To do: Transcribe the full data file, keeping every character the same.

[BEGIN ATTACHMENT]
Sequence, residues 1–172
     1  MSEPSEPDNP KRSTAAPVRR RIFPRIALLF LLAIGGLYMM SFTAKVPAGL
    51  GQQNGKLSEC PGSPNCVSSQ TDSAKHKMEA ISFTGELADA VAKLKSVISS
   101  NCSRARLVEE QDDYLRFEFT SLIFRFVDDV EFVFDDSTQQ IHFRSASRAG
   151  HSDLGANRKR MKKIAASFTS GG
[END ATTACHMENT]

Sequence, residues 1–172
     1  MSEPSEPDNP KRSTAAPVRR RIFPRIALLF LLAIGGLYMM SFTAKVPAGL
    51  GQQNGKLSEC PGSPNCVSSQ TDSAKHKMEA ISFTGELADA VAKLKSVISS
   101  NCSRARLVEE QDDYLRFEFT SLIFRFVDDV EFVFDDSTQQ IHFRSASRAG
   151  HSDLGANRKR MKKIAASFTS GG